• Contingent consideration will be recognized on a fair value basis at the date of acquisition. Depending on the terms of the agreement for some of these arrangements, changes in fair value will be recognized in earnings until settled.
  • Reversals of acquired deferred tax asset valuation allowances and changes to the acquired income tax uncertainties will be recognized in earnings, except for qualified measurement period adjustments (up to one year after the date of acquisition).
  • Transition provisions for the adoptions of FAS 141(R) are prospective with the exception of accounting for changes in valuation allowance for acquired deferred tax assets and the resolution of uncertain tax positions accounted for under FIN 48. Aside from measurement period adjustments, the changes in these tax items will be recognized in income tax expense rather than as an additional cost of the acquisition.

Planning for the Change

While the effective date for FAS 141(R) is not until January 1, 2009, many companies with past acquisitions need to understand that FAS 141(R) may have an impact on goodwill and income tax expense to the extent there are valuation allowances for deferred tax assets and liabilities for uncertain tax positions that are unresolved for acquisitions that close both before and after the effective date regardless of whether there are plans for acquisitions in 2009 and the future. The accounting for those acquisitions will be different and will affect earning in the periods of and after the transaction’s close.

Understanding that transaction costs will be expensed in the period incurred instead of being part of the acquisition costs as they are now may result in earnings volatility that does not currently exist. This may alter a company’s strategy in terms of when certain due diligence work is performed, as such costs will be expensed as incurred, which may precede the period in which a transaction closes and is announced. This may necessitate explanations of variances in earnings making it harder to maintain confidentiality. If a company plans to make a step acquisition, they may be subject to larger asset and liabilities being recorded at the date of the acquisition. Additionally, application of FAS 141(R) may result in a larger asset basis and a higher level of goodwill, which may create problems for annual tests for impairment.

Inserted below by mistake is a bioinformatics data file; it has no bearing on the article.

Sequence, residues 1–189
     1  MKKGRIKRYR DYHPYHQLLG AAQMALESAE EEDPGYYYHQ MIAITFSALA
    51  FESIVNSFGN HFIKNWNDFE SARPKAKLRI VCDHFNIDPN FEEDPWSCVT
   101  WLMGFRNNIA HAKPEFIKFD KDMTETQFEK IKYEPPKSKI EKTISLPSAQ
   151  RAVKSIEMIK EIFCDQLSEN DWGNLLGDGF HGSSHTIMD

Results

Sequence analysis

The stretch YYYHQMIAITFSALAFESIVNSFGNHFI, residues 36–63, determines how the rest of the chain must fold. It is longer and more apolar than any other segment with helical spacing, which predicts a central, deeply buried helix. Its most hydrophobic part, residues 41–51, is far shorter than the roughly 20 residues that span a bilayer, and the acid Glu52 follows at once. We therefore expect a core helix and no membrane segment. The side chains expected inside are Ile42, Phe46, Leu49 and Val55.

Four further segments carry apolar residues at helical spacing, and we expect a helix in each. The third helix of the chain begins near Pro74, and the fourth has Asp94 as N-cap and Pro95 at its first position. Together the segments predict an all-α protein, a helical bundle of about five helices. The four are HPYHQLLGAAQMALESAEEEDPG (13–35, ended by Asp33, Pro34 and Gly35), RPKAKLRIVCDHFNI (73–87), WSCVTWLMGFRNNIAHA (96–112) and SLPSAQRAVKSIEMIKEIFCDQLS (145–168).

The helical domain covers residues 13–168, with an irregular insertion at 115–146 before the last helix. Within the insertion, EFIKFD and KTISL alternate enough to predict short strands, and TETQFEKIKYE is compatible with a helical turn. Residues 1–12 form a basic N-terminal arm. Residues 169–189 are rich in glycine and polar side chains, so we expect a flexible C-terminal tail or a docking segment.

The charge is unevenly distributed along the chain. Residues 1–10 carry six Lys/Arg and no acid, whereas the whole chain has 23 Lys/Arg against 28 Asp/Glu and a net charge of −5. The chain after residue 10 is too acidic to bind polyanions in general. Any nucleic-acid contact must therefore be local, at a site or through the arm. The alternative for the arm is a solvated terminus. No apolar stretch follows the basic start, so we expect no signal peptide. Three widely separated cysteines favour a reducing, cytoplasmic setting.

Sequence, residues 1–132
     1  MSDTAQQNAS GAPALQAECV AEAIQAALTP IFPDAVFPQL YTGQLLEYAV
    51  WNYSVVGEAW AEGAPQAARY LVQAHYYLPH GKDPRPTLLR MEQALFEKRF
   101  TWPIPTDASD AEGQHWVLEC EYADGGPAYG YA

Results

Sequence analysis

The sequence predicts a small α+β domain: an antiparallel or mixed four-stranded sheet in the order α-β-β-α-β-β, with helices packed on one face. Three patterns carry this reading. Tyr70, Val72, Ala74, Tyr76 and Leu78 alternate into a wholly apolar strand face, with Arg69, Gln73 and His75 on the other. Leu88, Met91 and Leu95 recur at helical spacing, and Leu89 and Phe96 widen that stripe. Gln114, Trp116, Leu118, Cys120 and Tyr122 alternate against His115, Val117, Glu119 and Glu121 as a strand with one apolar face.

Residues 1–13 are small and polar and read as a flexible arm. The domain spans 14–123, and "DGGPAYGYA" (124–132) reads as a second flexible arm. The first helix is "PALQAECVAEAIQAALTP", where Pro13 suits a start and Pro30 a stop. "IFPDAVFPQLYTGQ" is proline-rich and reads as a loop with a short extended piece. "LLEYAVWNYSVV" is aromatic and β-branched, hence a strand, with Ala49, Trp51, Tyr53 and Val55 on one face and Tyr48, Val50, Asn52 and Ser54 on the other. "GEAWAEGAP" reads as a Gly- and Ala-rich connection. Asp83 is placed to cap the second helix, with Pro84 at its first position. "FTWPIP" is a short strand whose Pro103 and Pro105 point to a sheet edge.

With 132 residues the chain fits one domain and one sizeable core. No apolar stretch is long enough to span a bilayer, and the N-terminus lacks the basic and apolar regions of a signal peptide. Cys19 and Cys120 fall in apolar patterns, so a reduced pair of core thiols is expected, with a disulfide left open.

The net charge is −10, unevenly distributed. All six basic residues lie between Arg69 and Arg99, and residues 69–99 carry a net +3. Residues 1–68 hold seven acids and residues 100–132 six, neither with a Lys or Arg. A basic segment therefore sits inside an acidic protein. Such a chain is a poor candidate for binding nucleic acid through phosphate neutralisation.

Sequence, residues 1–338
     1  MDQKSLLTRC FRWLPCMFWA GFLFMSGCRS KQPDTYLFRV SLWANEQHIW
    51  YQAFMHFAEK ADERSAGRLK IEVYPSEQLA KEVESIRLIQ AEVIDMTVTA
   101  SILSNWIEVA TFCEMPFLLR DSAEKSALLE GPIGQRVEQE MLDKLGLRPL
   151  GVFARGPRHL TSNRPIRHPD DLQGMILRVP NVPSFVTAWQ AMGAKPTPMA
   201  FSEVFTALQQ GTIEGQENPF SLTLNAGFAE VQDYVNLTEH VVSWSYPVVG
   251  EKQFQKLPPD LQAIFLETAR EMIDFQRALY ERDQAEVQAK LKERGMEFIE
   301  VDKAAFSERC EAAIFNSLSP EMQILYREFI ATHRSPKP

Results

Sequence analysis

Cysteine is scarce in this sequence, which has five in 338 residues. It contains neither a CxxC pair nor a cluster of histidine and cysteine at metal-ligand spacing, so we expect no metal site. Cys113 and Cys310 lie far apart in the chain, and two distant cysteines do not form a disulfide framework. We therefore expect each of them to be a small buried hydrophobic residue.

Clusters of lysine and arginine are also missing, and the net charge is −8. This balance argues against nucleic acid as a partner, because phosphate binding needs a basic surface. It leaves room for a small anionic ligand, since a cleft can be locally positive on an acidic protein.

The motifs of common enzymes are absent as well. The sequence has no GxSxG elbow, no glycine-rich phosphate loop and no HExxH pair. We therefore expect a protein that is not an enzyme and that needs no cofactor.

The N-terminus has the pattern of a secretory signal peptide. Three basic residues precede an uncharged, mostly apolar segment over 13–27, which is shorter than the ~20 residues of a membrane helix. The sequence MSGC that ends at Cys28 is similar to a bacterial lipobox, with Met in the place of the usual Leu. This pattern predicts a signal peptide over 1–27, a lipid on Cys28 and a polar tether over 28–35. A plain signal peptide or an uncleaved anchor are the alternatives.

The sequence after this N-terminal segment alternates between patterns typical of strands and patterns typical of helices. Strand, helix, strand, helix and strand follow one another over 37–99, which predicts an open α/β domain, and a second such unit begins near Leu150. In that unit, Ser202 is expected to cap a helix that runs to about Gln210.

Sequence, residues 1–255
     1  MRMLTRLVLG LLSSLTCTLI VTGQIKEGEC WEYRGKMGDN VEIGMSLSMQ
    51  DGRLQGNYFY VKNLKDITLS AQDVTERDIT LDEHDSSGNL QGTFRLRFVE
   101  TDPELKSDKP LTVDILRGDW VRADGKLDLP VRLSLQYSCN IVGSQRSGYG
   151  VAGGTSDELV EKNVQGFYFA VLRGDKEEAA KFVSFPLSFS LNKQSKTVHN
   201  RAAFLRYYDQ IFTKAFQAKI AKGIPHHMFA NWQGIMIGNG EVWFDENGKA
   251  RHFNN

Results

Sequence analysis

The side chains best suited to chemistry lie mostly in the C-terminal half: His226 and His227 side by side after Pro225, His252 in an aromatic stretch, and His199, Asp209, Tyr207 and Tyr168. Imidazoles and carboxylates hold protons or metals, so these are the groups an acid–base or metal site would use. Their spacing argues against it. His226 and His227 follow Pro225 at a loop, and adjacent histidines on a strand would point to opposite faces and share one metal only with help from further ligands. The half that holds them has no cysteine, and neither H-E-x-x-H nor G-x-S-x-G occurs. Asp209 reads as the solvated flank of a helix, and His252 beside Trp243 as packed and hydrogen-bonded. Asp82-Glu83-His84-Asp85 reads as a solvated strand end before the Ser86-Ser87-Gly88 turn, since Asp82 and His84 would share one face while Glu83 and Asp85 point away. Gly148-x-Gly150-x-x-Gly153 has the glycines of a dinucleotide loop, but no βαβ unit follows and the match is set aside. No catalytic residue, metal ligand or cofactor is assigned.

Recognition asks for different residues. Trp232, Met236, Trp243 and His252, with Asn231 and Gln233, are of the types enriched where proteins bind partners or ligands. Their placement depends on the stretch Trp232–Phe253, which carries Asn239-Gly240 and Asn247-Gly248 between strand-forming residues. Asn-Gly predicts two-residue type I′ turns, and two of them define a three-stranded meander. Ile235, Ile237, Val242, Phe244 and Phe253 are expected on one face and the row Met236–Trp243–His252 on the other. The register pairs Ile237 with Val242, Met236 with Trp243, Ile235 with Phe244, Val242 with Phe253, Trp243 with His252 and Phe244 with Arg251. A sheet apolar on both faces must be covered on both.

Spending Time Wisely

The principle of using acquisition date fair values may require more of your time and that of professional valuation experts for measurement and valuation. The more effort required developing the initial accounting will also affect the hours an auditor will spend on the audit. Additionally, further costs may be incurred if the acquiree has any defined benefit plans or if there is more extensive work needed to recognize the tax implications of the purchase price allocation.

To ensure your time is best spent and fees are kept to a minimum, Armanino can assist with professional valuation services for the tangible and intangible assets and liabilities being acquired. We can assist with applying the new standard and develop the accounting documentation that is needed to support the accounting.

October 06, 2010